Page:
Commissioner told town in March that no evidence of political interference was found
Niagara-on-the-Lake’s integrity commissioner has found no evidence Lord Mayor Betty Disero behaved unethically in the handling of a bylaw complaint launched by her husband.
The complaint regarding the property of Colin Telfer and Jennifer Elliott was filed by Dan Williams in June 2020 over the neighbours’ suspected use of their garage as a living space.
The integrity report was completed this past March but was only made public this week, at the mayor’s request.
Dated March 15, 2022, it was never previously released because that wasn’t a requirement under NOTL’s investigative protocol.
The report is now public, included on the agenda for a special council meeting on Aug. 18.
Telfer formally complained to integrity commissioner Edward McDermott on Oct. 7, 2021, accusing the mayor of using her power to influence the handling of her husband’s complaint.
Disero said she didn’t know her husband had filed the complaint until June 2021.
Telfer is not happy with the integrity commissioner’s report.
“We were flabbergasted. It was such a misleading report,” he said in an interview.
“There was no investigation done. They just solicited self-serving statements from folks,” he said.
In an earlier written statement, Elliott claimed she and Telfer are “the victims of harassment lies and the blatant abuse of our rights as citizens and property owners, by a person in authority.”
As previously reported by The Lake Report, Williams submitted his complaint after Jennifer Elliott posted to Facebook that much of the space in their garage would be converted into “living space.”
The garage is about five feet from their shared property line and consists of three large bays.
Williams said the garage obstructs the view from his and Disero’s home.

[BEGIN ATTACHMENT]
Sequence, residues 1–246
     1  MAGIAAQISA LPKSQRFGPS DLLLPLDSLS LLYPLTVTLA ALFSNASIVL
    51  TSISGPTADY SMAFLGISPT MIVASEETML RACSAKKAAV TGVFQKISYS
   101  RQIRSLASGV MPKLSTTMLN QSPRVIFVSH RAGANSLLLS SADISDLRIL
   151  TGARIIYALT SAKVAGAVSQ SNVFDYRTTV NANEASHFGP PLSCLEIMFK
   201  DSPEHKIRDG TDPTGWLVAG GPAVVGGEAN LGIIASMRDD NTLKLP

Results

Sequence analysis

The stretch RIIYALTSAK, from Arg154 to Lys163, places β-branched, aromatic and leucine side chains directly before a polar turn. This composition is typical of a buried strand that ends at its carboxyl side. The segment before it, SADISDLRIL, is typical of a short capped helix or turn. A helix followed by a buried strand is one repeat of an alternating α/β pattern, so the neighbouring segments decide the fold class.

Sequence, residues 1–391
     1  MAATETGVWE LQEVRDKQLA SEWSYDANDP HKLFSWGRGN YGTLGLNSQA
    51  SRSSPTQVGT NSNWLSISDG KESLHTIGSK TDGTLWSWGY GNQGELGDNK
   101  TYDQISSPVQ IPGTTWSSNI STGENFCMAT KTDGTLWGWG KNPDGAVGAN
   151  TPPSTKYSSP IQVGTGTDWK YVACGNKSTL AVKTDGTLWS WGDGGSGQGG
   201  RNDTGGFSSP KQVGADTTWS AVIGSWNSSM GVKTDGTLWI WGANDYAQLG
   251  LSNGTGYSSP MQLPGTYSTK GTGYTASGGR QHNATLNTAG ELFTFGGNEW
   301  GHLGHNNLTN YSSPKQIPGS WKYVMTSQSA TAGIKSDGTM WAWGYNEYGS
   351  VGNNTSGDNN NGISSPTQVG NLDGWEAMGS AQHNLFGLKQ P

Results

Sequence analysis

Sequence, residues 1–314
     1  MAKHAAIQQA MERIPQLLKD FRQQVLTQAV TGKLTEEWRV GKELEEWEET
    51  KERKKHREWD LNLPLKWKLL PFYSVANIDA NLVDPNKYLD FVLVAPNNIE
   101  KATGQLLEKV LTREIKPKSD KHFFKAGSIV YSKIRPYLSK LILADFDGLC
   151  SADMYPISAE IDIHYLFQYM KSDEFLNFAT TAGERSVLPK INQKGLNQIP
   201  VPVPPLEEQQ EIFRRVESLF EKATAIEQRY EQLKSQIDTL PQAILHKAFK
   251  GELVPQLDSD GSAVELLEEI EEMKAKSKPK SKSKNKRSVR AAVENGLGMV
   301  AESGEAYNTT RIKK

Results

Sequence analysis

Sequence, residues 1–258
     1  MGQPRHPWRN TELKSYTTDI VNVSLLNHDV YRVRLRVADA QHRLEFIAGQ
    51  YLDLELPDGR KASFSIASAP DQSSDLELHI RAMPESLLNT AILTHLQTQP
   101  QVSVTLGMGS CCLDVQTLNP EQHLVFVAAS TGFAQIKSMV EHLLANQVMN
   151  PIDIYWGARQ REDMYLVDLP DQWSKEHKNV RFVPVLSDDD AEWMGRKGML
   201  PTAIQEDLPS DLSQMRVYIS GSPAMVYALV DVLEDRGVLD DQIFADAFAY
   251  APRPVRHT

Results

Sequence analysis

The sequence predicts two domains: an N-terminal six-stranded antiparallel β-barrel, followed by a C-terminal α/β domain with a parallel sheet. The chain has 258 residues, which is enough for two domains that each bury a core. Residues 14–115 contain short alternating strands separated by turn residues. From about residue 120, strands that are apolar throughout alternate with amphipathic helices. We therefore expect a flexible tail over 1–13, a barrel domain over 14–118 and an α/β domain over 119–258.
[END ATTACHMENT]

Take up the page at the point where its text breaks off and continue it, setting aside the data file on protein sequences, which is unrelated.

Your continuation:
According to the report, Disero was asked on June 23, 2021, by town chief administrator Marnie Cluckie and town solicitor Terry Hill whether she had submitted a bylaw complaint about her neighbours’ property.
She said she had not.
According to the commissioner’s report, bylaw officer Henry Boese attempted to investigate the complaint against Telfer and Elliott but they did not allow him to search their garage.
No warrant for the search was ever filed, but the bylaw investigation remained open.
The town withheld the renewal of Telfer and Elliot’s B&B licence on the grounds that they had an open bylaw investigation on their property.
Telfer said he believes this was the intended result from the start, but the integrity report found no evidence to support his speculation.
“I didn’t find out about it until Terry Hill and Marnie Cluckie told me about it,” Disero said in an interview when asked about her husband’s complaint.
According to the report, it is common practice for the town to withhold licences when bylaw compliance is in question, regardless of who filed the bylaw complaint.
The integrity commissioner’s investigator, Michael Maynard, interviewed several members of the town staff, including Cluckie, Hill and Boese.
None of them could corroborate Telfer’s suspicion that the mayor had attempted to use her position to influence the bylaw complaint against Telfer and Elliott’s property at 468 Dorchester St.
It has been two years since Telfer was able to operate his B&B business.
“If you shut a business down for two years, you’re starting over from scratch again,” Telfer said.
“We had a nice little business going there. $10 to $20 grand a year, had great folks there, met a lot of nice people,” he added.
The commissioner’s report says Telfer and Elliott never appealed the decision to withhold their B&B licence.
Telfer said there was nothing to appeal as the town had not declined their licence but had instead withheld it pending the results of an investigation into the open bylaw complaint originally filed by Williams.
According to the report, that investigation was initiated by Boese, who asked permission to inspect the property for bylaw compliance.
“It was such a ludicrous complaint,” said Telfer, who refused to consent to the property search.
The use of the garage did not violate any bylaws.
“As a Canadian citizen, I’ve got that right,” he added.
Elliott had plans to use the additional garage space as a “she-shed,” but her Facebook post on the topic alarmed the town because of its ambiguous use of the term “living space.”
To date, the property has not been inspected to determine whether it complies with the town’s bylaws.